Rolls-Royce’s zippy electric airplane wants to break speed records—and power air taxis of the future
The goal is to fly faster than 300 mph.
Earlier this month, a small electric airplane lifted off the ground for the first time, and completed a brief, roughly 15-minute long flight. The 23-foot-long plane, called the Spirit of Innovation, is designed to be an electric speed demon. Rolls-Royce, the company that makes it, plans to fly the machine faster than 300 mph before the year is out, and smash a speed record for electric aircraft in the process if it can do so.
“It’s a thoroughbred, all-electric racing plane,” says Matheu Parr, who leads the project for Rolls-Royce.
Here’s what to know about the experimental aircraft and why Rolls-Royce is flying it.
How does the plane work?
The aircraft, which has flown three times, resembles a regular airplane on the outside. In fact, it began as a kit, a Sharp Nemesis NXT, a type of small aircraft known for competing in the Reno Air Races in Nevada; in 2009 it reached speeds of more than 400 mph. “It used to have a really large internal combustion engine at the front, and then it had a huge fuel tank that sat right behind it,” Parr says. Of course, that stuff isn’t necessary in an electric aircraft, so the team removed it. “What we had left was this huge volume of space at the front of the aircraft,” he says. That space gave them room to install new components.
[Related: The coolest planes at the Reno air races]
Now the guts of the airplane include a three-battery system that’s made up of more than 6,000 cylindrical cells. Each battery powers one electric motor. All told, the three batteries and three electric motors work together to power the propeller in the front, which actually spins a little bit slower than it would if it was powered by a regular engine—around 2,200 RPM instead of 2,800. Parr says that’s possible because they can produce more torque at lower RPMs with the electric system. “What we’re able to do with an electric motor is just generate torque at any RPM,” he says. The propeller’s blades automatically adjust their angle against the air as needed “to optimize the torque.”
The three batteries, plus the three motors, represent three independent systems. Parr says two of those can fail and in an emergency, the airplane can stay in the air powered by just one.
Unlike other electric planes like this one from Kitty Hawk, it needs a human pilot to fly it.
How fast has it flown?
On its first flight, it hit an indicated airspeed of about 210 miles per hour. “We weren’t even trying that hard,” Parr laughs. “We almost got there straight away.”
“We didn’t mean to go that fast on the first flight,” he adds.
When they actually try to break the record, it will happen with an official course and careful measurements. The record they’re trying to surpass for electric aircraft was set in 2017 and is around 213 mph. In other words, the Spirit of Innovation is already approaching the record, at least unofficially. Their goal is to fly at 300 mph. (Update: Parr notes via email that the plane has now hit a top speed of 265 mph.)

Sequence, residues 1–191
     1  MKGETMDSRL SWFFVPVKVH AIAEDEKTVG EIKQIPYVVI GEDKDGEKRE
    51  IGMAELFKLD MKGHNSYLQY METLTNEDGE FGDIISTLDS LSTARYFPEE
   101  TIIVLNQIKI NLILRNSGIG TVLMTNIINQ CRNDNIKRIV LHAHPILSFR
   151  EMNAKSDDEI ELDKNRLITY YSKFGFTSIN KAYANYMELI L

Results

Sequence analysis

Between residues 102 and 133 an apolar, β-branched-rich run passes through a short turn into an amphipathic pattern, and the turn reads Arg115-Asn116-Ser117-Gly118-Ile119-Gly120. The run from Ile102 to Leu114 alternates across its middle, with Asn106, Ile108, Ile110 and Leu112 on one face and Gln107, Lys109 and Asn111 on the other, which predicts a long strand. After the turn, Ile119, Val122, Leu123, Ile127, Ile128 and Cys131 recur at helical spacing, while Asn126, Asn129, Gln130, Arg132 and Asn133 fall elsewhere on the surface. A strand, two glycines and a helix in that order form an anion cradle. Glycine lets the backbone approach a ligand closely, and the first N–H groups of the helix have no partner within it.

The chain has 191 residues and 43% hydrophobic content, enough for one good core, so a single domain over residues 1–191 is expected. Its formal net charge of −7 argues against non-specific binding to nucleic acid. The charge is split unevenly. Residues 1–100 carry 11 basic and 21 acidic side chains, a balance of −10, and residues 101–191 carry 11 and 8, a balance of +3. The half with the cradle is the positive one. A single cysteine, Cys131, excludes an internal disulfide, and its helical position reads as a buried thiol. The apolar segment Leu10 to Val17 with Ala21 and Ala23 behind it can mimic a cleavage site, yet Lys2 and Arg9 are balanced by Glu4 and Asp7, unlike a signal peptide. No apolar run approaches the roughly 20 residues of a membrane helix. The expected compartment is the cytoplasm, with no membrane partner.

What’s the purpose?
The goal with this specific aircraft, which will probably only fly about 20 times in total, is simple: “Go incredibly fast, and excite and inspire people,” Parr says. In that sense, it’s something of a stunt to call attention to what Rolls-Royce and its partners can do in terms of building electric propulsions systems that other companies may want to one day buy.
The plane looks different from other electric aircraft in development. Multiple companies are working on creating electric air taxis that can take off and land vertically, like helicopters, with an eye towards transporting paying passengers in the future. Those firms include Joby, Kitty Hawk, and Archer and are part of a sector called urban air mobility; they’re not trying to break records so much as start operating Uber-like services in the sky.
Parr says that down the road, they would like to sell propulsion systems to companies working on air taxis or small commuter planes who might not want to develop those systems in-house. “My goal, at Rolls-Royce, is to go and develop propulsion systems certified for the market [in] 2025, and enable those aircraft to fly,” he says, “whoever the airframer is.” In short, the same kind of tech that’s powering this little speedy Rolls-Royce aircraft could someday power an electric air taxi.
Watch the aircraft’s first flight, below:
Update: This story has been updated to clarify that the aircraft has now flown three times, not two, and that the top speed it has hit is now 265 mph.